USDA relaxes conservation reserve program rules to boost agricultural production | farm and ranch
Farm landowners who do not renew their agreements this year with the federal government to keep their land out of production have the option of putting that land back to work sooner, which could boost production of wheat and other crops in a context of global shortage, said the United States Department of Agriculture announced on Thursday.
Those with land on the conservation reserve scheme now have the option to terminate their contract early if they are in the final year of the contract. Under normal circumstances, landowners would have to wait until October to bring CRP land back into production or would be required to repay the money they received from the program.
“They can now voluntarily terminate without penalty the acres that come out of this program,” U.S. Agriculture Secretary Tom Vilsack told a U.S. Senate committee on Thursday, “so that they are able to work now on this land. , either to prepare it for a crop, or to possibly consider other crops that can be grown during the winter.
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He said the equivalent of about 1 million acres of farmland is leaving the program this year – the difference between expiring acres and newly enrolled acres this year. In March, about 22.1 million acres were actively registered, according to USDA data.
President Joe Biden has warned that people are “going to starve” if millions of tons of wheat and corn in Ukraine cannot be exported due to the ongoing Russian invasion, which began more than a decade ago. three months.
Ukraine is a major producer and exporter of these crops, much of which is sold to African countries. Ukrainian officials have accused Russian troops of destroying farms and stealing grain and equipment. It is not yet clear how much the war will affect Ukraine’s agricultural production this year.
Farm groups such as the American Farm Bureau Federation have been waiting months for the USDA to bring CRP farmland back into production without penalty to help boost the world’s food supply.
In letters to CRP landowners this week, the USDA offered early terminations for those who had not renewed their registration.
Russian President Vladimir “Putin’s unwarranted invasion of Ukraine has cut off a critical source of wheat, corn, barley, oilseeds and cooking oil, and we’ve heard from many growers who want better understand their options to help meet global food needs,” Zach Ducheneaux, Administrator of the USDA Farm Service Agency, said in a press release Thursday. “This announcement will help producers make informed decisions about the land use and conservation options.”
CRP contracts typically last 10 to 15 years. Landowners set aside land to reduce soil erosion and improve water quality and wildlife habitat, and the government pays them by the acre. These rents vary considerably depending on the location of the land.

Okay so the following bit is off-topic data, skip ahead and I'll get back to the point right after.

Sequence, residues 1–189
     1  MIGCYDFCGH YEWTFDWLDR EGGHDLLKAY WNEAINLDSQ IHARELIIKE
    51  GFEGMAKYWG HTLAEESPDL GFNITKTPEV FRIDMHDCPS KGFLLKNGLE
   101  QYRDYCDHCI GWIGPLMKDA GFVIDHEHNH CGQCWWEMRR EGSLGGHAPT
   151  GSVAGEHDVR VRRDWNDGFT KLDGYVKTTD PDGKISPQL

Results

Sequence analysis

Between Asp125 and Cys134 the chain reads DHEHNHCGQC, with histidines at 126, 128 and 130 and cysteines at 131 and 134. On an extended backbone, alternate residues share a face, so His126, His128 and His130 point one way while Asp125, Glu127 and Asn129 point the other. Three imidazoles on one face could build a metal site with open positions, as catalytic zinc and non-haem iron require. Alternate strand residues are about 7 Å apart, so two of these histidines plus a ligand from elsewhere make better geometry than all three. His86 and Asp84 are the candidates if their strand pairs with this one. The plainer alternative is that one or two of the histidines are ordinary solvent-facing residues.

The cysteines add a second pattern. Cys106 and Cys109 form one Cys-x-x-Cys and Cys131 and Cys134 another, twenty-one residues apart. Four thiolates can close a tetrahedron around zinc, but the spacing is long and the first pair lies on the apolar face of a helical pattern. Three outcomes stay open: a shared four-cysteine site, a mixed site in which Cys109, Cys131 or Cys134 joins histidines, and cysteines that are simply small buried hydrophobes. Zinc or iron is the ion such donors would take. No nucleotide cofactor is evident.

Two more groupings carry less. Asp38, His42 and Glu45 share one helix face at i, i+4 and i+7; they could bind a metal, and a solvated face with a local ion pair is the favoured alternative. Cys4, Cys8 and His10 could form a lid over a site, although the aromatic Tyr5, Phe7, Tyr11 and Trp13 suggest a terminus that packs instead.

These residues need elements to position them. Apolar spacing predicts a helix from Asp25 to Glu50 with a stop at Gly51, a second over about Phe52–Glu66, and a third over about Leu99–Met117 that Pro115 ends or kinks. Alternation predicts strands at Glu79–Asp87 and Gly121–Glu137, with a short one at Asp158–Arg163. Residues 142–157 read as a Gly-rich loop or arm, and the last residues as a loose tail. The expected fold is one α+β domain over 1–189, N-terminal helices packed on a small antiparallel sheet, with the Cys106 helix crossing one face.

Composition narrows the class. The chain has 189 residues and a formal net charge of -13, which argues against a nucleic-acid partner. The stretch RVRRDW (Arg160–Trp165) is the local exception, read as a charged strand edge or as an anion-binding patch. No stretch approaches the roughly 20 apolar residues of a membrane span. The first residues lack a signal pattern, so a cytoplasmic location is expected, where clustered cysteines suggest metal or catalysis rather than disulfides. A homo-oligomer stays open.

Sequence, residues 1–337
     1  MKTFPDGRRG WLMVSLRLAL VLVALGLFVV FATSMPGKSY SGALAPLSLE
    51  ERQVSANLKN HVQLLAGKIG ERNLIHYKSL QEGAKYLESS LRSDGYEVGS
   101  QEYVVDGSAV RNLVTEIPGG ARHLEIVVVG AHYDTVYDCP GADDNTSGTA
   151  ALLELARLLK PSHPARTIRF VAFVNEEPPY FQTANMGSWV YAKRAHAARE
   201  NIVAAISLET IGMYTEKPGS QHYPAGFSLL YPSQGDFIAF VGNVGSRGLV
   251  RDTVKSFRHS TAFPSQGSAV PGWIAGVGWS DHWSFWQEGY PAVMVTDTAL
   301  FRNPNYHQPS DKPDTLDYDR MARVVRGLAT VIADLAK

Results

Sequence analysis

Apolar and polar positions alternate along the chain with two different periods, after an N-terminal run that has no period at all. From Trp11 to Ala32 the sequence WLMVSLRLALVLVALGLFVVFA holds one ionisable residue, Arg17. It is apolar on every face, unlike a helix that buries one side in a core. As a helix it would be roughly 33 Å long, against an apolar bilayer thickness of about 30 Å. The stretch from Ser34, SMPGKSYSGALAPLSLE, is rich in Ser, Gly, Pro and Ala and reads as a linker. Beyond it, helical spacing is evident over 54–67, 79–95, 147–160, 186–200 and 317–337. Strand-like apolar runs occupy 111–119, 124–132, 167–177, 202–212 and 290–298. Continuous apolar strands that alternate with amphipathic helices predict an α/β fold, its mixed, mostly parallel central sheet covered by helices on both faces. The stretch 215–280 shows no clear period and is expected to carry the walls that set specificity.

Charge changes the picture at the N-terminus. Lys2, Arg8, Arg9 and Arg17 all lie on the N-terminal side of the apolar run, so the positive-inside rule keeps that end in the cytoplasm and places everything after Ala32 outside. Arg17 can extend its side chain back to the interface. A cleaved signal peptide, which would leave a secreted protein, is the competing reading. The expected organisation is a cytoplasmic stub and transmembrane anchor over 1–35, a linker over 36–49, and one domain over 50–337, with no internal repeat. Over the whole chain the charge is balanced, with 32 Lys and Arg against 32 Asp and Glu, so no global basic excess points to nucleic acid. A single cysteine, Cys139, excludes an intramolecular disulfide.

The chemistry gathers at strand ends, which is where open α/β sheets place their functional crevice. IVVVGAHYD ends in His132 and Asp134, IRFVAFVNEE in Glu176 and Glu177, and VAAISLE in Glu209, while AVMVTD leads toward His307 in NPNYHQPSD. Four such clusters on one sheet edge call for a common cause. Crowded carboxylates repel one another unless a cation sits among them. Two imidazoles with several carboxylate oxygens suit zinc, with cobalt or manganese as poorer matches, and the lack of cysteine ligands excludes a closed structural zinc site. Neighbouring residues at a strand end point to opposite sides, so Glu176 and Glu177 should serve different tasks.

Iowa land payments have the highest average at around $234 per acre, according to a recent USDA report. Nevada land payments were lowest at around $10 per acre.
Landowners can end these contracts whenever they want, but they must repay the rents with interest and face a possible additional penalty. The USDA periodically offers early termination without refund or penalty. In 2017, the department offered it to certain landowners to encourage the sale of land to new farmers and breeders.
“I think it’s a big step in the right direction, but I believe we can do more,” U.S. Sen. John Boozman, R-Arkansas, told Vilsack at a meeting of the Senate committee. agriculture on Thursday, which was convened to address the challenges facing farmers and rural communities.
Boozman said early terminations should be more widely offered to CRP participants to “potentially allow millions of acres to return to food production.”
Vilsack said the USDA seeks to balance short- and long-term global food concerns — particularly around climate change — and the CRP emphasizes less desirable farmland.
“We basically focused on highly erodible areas,” Vilsack said, “areas that aren’t particularly productive.”
Additional crop insurance
Sen. John Hoeven, R-North Dakota, said the USDA should offer to top up potential crop insurance payments to farmers who are late to plant this year.
Corn planting in North Dakota has been significantly delayed this year by wet weather. According to a recent USDA report, only 20% of the state’s corn was planted as of Sunday, compared to a five-year average of 66%.
Wednesday was the last planting day to get full crop insurance coverage for most counties in the state. Hoeven worries that some farmers don’t plant because it’s financially too risky.
“In times of food inflation, we want as many of them as possible to plant a crop,” he said.
Vilsack said he would consider the proposal.
USDA data shows that corn planting in at least 11 states is behind the five-year average, including most of the top producing states. Iowa leads the nation in corn production and, thanks to favorable weather, was on track to catch up to the five-year average on Sunday. Still, there are fears that delays in early sowing will affect yield potential.
Minnesota, a major corn producer, had planted 60% of its corn against a five-year average of 86% as of Sunday. Soybean plantings have also been significantly delayed in that state and in North Dakota.